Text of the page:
AT&S Austria Technologie & Systemtechnik AG, is one of Know Center’s industrial partners joint by the module DDAI which runs under the auspices of COMET. The module, which is led by Know-Center and funded by FFG, aims to develope safe, verifiable and explainable AI which assures privacy protection simultaneously. It will significantly contribute to acceptance and trust in AI. In the future more projects leading to “trustworthy AI” will be promoted collectively by AT&S and other industry partners which are part of the module.
Know-Center is one of the leading European research centers for Data-driven business and AI. It has been supporting well-known companies by using data as a factor of success for their businesses since 2001. Know-Center relies on established Big Data as well as High Performance Computing (HPC) infrastructure for data analysis. Known as constant part of the European research landscape, the center very successfully processed numerous projects and contract research on an European as well as domestic level. The K1 Competence Center, which is funded within the framework of COMET, is the leading training center for data scientists in Austria and in addition offers a range of Al training and consulting services to companies. The majority shareholder is Graz University of Technology, a key supporter of domestic AI research, whose institutes process numerous projects together with Know-Center. In 2020, Know-Center was the only Austrian center to receive the EU’s iSpace Gold Award, which only has been awarded nine times in the entire EU so far.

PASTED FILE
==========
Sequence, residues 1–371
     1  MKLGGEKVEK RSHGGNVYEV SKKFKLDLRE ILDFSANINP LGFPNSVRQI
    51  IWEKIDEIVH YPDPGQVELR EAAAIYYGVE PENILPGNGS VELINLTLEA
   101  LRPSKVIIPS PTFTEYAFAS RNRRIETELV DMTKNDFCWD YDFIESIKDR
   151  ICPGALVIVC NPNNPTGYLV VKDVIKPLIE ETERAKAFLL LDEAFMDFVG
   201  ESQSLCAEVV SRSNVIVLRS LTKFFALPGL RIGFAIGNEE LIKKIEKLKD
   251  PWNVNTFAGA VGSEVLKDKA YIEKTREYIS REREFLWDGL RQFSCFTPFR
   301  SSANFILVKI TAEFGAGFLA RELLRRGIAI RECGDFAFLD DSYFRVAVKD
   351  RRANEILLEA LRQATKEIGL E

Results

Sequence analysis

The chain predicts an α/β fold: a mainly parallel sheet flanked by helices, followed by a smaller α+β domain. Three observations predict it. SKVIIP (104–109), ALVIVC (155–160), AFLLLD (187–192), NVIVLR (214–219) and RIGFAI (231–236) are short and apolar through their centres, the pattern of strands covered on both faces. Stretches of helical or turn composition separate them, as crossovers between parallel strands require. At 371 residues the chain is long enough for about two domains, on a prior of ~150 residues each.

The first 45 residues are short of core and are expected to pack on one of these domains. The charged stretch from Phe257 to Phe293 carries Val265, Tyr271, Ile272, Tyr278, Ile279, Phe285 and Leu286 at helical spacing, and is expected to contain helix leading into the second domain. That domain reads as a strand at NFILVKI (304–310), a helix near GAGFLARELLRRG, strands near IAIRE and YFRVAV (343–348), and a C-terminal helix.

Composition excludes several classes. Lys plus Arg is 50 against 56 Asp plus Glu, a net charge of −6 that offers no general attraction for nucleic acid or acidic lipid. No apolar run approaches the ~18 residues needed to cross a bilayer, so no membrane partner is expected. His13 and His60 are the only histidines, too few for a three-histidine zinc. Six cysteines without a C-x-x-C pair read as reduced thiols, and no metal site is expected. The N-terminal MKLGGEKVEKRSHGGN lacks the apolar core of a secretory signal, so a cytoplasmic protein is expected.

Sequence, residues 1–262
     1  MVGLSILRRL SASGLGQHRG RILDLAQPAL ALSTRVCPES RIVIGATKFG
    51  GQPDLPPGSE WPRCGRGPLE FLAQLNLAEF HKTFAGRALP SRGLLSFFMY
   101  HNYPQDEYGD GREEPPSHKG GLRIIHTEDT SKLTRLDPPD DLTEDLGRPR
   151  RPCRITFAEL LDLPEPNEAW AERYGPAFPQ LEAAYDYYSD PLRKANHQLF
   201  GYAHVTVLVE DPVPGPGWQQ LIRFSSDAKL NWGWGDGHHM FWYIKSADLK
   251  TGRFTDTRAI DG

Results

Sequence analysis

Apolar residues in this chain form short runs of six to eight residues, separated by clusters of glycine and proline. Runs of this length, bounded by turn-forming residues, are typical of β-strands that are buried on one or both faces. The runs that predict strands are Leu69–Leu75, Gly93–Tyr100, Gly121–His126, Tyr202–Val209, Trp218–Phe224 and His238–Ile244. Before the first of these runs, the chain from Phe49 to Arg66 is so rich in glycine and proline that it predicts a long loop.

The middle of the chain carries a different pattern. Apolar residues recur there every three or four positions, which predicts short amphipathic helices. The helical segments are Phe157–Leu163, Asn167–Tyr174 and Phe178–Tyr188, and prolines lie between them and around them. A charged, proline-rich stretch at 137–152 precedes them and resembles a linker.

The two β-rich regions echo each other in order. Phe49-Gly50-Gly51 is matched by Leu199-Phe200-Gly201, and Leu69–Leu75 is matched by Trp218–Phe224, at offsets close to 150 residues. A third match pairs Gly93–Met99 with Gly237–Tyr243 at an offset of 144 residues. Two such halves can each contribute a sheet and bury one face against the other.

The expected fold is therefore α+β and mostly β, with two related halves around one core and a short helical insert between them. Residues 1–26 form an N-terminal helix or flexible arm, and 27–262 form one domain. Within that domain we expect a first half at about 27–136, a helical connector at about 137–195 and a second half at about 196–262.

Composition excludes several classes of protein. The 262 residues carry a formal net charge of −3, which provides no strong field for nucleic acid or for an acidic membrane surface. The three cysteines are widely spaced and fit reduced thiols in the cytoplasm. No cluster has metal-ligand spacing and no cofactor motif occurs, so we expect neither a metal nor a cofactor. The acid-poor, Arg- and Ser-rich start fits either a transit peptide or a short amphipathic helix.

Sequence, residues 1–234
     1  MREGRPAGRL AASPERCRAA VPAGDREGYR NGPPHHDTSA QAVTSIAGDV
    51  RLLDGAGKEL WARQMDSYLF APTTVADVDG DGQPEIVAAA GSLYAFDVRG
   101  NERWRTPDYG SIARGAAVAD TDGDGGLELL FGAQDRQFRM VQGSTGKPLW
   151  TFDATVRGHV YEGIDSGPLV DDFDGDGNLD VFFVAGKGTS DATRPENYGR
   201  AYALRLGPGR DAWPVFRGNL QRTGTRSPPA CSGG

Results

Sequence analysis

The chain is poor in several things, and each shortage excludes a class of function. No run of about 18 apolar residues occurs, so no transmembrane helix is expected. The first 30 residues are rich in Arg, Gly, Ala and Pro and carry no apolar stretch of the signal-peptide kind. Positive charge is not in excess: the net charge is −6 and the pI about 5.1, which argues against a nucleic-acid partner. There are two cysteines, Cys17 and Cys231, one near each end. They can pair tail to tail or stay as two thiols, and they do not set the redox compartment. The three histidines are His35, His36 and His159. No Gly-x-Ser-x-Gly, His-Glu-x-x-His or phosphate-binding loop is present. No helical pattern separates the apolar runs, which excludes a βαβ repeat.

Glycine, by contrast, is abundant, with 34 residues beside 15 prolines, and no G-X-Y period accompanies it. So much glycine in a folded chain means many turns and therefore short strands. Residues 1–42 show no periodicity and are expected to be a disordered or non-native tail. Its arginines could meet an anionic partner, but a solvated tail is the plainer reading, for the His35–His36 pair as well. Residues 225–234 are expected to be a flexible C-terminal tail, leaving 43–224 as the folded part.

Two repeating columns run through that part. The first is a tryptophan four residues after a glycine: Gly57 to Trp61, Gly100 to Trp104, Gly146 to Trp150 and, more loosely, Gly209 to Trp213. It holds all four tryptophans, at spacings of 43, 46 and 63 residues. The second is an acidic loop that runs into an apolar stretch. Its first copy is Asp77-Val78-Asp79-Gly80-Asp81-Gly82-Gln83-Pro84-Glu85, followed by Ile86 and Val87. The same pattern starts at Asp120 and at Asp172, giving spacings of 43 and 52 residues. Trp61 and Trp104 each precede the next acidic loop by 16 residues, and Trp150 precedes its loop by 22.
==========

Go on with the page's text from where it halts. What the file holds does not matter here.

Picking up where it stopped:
Further Information: www.know-center.at
AT&S is one of the world’s leading manufacturers of high-quality conductor plates and IC substrates. AT&S industrializes trendsetting technologies for its core businesses mobile devices, automotive, industry, medicine and advanced packaging. AT&S, an international high-growth company commands a global presence, with production sites in Austria (Leoben, Fehring) and plants in India (Nanjangud), China (Shanghai, Chongqing) and Korea (Ansan near Seoul).
According to a research study published in the renowned open access journal EPJ Data Science, music recommendations for fans of non-mainstream music, such as hard rock and ambient, may be less accurate than for those of mainstream music, such as pop.